The difference could not be starker. The mean silhouette coefficient increases up to the point when k=5 and then sharply decreases for higher values of k i.e. it exhibits a clear peak at k=5, which is the number of clusters the original dataset was generated with.

Silhouette coefficient exhibits a peak characteristic as compared to the gentle bend in the elbow method. This is easier to visualize and reason with.

If we increase the Gaussian noise in the data generation process, the clusters look more overlapped.

In this case, the default k-means score with elbow method produces even more ambiguous result. In the elbow plot below, it is difficult to pick a suitable point where the real bend occurs. Is it 4, 5, 6, or 7?

But the silhouette coefficient plot still manages to maintain a peak characteristic around 4 or 5 cluster centers and make our life easier.

In fact, if you look back at the overlapped clusters, you will see that mostly there are 4 clusters visible — although the data was generated using 5 cluster centers, due to high variance, only 4 clusters are structurally showing up. Silhouette coefficient picks up this behavior easily and shows the optimal number of clusters somewhere between 4 and 5.


BIC score with a Gaussian Mixture Model

There are other excellent metrics for determining the true count of the clusters such as Bayesian Information Criterion (BIC) but they can be applied only if we are willing to extend the clustering algorithm beyond k-means to the more generalized version — Gaussian Mixture Model (GMM).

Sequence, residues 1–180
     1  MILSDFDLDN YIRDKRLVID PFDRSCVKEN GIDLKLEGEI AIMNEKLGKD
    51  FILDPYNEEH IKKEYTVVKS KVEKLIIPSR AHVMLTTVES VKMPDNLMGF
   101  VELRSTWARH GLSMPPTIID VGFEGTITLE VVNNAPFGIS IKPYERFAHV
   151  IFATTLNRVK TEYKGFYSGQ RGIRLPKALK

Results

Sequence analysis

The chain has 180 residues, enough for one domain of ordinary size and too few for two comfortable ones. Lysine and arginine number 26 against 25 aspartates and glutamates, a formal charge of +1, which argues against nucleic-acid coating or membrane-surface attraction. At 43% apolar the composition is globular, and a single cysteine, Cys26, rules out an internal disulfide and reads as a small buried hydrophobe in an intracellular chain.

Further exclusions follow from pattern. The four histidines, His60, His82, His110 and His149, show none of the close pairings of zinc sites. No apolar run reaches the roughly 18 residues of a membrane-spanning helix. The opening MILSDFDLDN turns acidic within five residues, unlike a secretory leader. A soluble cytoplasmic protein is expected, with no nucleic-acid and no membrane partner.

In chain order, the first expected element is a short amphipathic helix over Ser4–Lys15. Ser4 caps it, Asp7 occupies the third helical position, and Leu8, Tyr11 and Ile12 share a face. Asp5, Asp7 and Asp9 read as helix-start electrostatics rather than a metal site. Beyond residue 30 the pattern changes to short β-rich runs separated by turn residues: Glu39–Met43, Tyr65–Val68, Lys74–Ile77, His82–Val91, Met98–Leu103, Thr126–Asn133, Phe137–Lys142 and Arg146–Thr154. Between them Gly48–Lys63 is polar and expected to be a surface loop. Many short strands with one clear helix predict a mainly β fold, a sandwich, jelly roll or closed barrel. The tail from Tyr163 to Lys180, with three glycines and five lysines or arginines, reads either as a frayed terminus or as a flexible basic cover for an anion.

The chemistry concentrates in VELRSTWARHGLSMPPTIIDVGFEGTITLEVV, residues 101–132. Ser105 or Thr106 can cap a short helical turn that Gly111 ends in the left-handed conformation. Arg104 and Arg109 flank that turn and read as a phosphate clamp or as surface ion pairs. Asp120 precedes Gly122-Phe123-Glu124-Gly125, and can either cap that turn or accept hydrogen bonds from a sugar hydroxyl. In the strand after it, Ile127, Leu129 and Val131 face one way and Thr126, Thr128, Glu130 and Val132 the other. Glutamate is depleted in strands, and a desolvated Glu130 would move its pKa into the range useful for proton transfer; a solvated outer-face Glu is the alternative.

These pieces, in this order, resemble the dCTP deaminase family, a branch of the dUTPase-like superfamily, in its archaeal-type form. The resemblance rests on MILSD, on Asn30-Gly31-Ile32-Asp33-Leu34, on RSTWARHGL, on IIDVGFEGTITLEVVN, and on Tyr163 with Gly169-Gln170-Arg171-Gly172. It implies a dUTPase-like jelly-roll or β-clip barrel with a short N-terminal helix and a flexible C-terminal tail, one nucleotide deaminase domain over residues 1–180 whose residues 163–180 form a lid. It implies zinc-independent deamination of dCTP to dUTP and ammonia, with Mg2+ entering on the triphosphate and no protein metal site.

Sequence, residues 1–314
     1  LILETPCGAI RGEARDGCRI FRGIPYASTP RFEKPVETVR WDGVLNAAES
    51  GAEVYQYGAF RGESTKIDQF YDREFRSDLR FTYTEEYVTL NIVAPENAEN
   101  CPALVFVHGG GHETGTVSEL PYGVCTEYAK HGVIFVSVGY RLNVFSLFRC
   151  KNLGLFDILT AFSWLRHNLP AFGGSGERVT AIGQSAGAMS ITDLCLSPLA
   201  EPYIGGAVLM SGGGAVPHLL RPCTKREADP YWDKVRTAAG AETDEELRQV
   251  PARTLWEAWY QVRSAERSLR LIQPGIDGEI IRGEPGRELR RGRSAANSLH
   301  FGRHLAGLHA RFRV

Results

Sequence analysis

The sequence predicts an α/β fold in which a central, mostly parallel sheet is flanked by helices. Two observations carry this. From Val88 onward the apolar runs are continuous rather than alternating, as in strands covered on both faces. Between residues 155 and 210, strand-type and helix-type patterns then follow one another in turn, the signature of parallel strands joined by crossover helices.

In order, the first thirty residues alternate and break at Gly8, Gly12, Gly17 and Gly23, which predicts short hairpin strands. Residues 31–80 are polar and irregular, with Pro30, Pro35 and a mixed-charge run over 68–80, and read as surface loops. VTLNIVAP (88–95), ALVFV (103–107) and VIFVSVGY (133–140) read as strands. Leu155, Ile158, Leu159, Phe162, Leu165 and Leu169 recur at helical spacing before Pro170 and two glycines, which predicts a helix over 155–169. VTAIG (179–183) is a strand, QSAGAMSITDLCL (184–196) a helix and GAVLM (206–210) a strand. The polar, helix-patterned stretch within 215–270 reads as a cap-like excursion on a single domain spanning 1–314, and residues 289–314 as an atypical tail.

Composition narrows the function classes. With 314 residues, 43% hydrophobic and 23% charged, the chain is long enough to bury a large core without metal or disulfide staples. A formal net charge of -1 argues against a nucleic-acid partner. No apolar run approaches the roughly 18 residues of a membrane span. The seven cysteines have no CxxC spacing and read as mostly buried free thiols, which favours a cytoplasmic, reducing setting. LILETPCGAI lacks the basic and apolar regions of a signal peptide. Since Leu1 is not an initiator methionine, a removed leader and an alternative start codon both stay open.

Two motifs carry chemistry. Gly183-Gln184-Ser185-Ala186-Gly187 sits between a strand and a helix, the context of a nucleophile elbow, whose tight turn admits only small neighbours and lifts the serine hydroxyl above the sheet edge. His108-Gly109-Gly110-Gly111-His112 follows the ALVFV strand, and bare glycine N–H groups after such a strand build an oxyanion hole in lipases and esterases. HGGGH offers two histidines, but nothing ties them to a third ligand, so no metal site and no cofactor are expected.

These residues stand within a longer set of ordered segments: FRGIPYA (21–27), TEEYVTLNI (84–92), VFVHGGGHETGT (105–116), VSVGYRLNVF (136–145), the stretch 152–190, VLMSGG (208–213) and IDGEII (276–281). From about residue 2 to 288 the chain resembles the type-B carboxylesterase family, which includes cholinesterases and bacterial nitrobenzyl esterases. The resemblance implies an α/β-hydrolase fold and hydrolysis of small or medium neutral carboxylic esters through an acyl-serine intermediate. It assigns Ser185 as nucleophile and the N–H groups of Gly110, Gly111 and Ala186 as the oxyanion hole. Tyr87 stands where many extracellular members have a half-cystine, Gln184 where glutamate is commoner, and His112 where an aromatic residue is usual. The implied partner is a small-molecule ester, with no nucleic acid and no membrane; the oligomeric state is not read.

Basically, a GMM treats a blob of data as a superimposition of multiple Gaussian datasets with separate mean and variances. Then it applies the Expectation-Maximization (EM) algorithm to determine these mean and variances approximately.

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The idea of BIC as regularization

You may recognize the term BIC from statistical analysis or your previous interaction with linear regression. BIC and AIC (Akaike Information Criterion) are used as regularization techniques in linear regression for the variable selection process.

BIC/AIC is used for regularization of linear regression model.

The idea is applied in a similar manner here for BIC. In theory, extremely complex clusters of data can also be modeled as a superimposition of a large number of Gaussian datasets. There is no restriction on how many Gaussians to use for this purpose.

But this is similar to increasing model complexity in linear regression, where a large number of features can be used to fit any arbitrarily complex data, only to lose the generalization power, as the overly complex model fits the noise instead of the true pattern.

The BIC method penalizes a large number of Gaussians and tries to keep the model simple enough to explain the given data pattern.

The BIC method penalizes a large number of Gaussians i.e. an overly complex model.

Consequently, we can run the GMM algorithm for a range of cluster centers, and the BIC score will increase up to a point, but after that will start decreasing as the penalty term grows.



Here is the Jupyter notebook for this article. Feel free to fork and play with it.

We discussed a couple of alternative options to the often-used elbow method for picking up the right number of clusters in an unsupervised learning setting using the k-means algorithm.

We showed that Silhouette coefficient and BIC score (from the GMM extension of k-means) are better alternatives to the elbow method for visually discerning the optimal number of clusters.

If you have any questions or ideas to share, please contact the author at tirthajyoti[AT] Also, you can check the author’s GitHubrepositories for other fun code snippets in Python, R, and machine learning resources. If you are, like me, passionate about machine learning/data science, please feel free to add me on LinkedIn or follow me on Twitter.

Original. Reposted with permission.